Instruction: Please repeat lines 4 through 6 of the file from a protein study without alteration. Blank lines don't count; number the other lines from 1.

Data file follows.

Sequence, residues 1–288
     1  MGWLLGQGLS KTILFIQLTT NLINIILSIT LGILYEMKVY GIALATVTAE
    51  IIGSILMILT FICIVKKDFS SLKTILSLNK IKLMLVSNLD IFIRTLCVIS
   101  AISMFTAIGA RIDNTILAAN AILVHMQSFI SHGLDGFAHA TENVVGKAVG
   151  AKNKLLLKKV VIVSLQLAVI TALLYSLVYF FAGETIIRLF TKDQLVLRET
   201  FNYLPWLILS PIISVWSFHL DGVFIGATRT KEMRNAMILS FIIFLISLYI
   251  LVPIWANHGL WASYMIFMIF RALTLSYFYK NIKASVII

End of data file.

   101  AISMFTAIGA RIDNTILAAN AILVHMQSFI SHGLDGFAHA TENVVGKAVG
   151  AKNKLLLKKV VIVSLQLAVI TALLYSLVYF FAGETIIRLF TKDQLVLRET
   201  FNYLPWLILS PIISVWSFHL DGVFIGATRT KEMRNAMILS FIIFLISLYI